All posts tagged patent

→ In His Latest Opinion, Clarence Thomas Shows How It’s Done

Wesley J. Smith points out how well written Clarence Thomas’ latest opinion is:

That’s how a Supreme Court decision should be written: Precise. Limited in scope. No bloviating. To the point. Applying, not creating law. Bravo Justice Thomas. Would your colleagues knew how to do it as well. (emphasis in original)

I completely agree.1

  1. DISCLAIMER: This post may contain some discussion about legal issues, but (1) it is not legal advice, (2) it does not establish an attorney-client relationship, and (3) it is not advertising for legal services. The full disclaimer can be found on the Disclaimer Page

→ A Plea to the Courts to Determine Whether or Not Software is Patentable

Dennis Crouch of Patently-O pleads with the courts to finally answer an important question:

The result from this long history is that we still have software patents but they are hidden under the surface. They are harder to find, harder to examine, harder to understand, and thus much more problematic than they need to be. After fifty years of controversy; meandering administrative practice; and inconsistent Supreme Court decision making, it is time for the courts to take a stand and deliver the law in a way that is clear and precise. Finally answer the question Is software patentable?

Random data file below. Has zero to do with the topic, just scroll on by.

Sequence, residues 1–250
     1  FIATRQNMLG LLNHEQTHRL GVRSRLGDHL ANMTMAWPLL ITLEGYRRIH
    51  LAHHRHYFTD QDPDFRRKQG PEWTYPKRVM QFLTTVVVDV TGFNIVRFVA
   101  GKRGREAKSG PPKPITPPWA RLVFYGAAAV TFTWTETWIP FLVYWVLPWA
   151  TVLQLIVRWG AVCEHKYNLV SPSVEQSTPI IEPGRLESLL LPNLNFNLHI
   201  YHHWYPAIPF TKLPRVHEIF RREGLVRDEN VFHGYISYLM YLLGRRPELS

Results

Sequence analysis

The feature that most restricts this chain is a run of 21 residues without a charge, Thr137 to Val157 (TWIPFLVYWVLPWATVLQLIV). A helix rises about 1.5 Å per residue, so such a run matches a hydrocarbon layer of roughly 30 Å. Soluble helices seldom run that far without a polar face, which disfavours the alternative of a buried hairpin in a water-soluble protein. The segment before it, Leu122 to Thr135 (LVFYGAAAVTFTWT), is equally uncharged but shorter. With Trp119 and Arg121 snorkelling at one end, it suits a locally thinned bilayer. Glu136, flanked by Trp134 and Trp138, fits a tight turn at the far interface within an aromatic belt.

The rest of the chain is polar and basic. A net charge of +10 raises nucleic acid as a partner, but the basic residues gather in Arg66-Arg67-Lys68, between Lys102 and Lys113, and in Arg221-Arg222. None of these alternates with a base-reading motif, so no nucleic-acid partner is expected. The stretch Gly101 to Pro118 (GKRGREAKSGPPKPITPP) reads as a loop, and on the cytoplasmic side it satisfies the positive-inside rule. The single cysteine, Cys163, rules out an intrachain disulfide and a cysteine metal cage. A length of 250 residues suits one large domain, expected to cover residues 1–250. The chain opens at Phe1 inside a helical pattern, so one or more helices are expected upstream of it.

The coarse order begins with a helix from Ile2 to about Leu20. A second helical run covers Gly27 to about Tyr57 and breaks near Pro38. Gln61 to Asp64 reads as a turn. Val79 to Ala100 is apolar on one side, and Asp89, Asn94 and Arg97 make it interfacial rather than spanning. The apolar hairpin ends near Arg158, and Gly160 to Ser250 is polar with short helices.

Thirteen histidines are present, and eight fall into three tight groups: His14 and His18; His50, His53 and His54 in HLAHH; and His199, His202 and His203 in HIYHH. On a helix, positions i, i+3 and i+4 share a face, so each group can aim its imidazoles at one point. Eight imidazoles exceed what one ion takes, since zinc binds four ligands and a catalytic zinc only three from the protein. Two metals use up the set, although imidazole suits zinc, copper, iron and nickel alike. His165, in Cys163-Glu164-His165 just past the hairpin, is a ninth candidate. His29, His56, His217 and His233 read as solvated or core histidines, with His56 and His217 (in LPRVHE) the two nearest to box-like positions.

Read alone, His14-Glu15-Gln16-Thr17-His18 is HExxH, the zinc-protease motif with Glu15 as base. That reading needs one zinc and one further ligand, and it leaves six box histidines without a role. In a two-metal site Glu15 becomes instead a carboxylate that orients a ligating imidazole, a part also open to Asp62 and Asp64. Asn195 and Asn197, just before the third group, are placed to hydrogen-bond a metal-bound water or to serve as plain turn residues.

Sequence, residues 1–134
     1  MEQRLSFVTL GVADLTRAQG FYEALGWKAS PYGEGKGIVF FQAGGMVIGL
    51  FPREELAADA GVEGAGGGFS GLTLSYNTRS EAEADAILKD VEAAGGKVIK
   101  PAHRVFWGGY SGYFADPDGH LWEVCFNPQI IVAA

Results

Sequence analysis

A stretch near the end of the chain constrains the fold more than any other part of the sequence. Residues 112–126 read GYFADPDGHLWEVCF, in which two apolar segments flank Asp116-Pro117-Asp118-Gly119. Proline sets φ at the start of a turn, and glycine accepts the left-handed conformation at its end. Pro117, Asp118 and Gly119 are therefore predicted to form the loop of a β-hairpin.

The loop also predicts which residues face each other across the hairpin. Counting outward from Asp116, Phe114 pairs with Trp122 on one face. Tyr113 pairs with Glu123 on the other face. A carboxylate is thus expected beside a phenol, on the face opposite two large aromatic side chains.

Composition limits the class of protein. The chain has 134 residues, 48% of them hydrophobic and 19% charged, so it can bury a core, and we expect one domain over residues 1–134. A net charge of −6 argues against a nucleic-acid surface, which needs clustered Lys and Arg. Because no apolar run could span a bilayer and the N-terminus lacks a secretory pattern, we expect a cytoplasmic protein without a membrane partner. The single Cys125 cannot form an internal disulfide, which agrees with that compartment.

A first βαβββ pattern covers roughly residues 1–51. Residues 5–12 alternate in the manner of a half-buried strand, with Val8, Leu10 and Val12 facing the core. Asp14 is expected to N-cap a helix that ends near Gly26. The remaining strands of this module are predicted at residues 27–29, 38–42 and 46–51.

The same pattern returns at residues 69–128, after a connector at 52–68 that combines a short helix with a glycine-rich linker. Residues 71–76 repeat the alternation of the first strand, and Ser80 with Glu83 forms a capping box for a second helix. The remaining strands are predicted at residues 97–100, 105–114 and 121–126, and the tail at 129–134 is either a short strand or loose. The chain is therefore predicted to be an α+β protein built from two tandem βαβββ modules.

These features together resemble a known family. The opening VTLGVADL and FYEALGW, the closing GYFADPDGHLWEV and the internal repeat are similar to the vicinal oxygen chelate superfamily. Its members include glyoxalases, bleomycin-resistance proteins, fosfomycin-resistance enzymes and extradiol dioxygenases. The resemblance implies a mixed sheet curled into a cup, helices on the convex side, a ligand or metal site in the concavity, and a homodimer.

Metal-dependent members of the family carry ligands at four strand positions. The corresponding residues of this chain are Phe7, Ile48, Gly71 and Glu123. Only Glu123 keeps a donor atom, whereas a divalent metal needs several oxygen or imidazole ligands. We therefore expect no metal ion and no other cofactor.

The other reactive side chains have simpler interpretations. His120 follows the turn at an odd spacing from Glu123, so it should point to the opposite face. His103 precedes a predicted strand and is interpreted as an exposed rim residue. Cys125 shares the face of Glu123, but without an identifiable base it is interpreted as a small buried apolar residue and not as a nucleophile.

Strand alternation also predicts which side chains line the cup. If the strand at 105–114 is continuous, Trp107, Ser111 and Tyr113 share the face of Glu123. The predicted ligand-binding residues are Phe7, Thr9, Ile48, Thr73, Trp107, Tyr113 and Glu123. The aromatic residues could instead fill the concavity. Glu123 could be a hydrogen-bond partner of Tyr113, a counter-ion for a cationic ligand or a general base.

For a less legalistic take, see Ars Technica.

See also Google’s chief legal officer’s calls for software patent reform and the general counsel at Rackpace saying they would “love to get rid of software patents”.

→ EFF Breaks Down the Saving High-Tech Innovators from Egregious Legal Disputes Act

First, I approve of using the SHIELD acronym. Second, I have not read the actual legislation yet, so I cannot give detailed comments. That being said, it sounds interesting:

The idea behind the SHIELD Act is simple: if you sue someone, you better have a reasonable and good-faith belief that you are entitled to relief. In other words, a plaintiff needs to believe that a defendant actually infringes a valid patent before it sues. If it doesn’t, that plaintiff could be on the hook for the costs of litigation and for the winning party’s attorneys’ fees (which can cost hundreds of thousands of dollars in some cases).

And, probably most importantly:

This bill is also important because it would only apply to software and computer hardware patents.

I am going to have to dig deeper into this one.